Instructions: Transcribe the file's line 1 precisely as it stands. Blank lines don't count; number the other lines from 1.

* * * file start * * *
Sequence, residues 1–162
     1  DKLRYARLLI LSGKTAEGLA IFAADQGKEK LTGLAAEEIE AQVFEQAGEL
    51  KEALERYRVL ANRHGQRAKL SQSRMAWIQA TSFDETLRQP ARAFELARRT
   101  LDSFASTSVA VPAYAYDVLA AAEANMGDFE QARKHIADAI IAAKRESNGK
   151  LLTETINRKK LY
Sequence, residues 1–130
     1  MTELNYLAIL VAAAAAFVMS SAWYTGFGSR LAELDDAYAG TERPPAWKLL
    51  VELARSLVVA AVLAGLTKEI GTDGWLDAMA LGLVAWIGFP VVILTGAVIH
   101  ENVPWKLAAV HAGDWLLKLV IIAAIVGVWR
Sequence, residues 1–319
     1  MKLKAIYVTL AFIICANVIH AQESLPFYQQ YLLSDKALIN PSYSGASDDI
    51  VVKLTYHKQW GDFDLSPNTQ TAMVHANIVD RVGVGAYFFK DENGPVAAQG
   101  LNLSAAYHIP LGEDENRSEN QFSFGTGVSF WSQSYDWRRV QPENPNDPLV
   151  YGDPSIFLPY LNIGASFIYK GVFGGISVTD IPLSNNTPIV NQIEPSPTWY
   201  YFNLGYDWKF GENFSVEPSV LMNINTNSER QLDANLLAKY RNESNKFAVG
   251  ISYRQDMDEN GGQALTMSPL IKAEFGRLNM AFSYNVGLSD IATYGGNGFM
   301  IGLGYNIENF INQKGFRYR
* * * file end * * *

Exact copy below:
Sequence, residues 1–162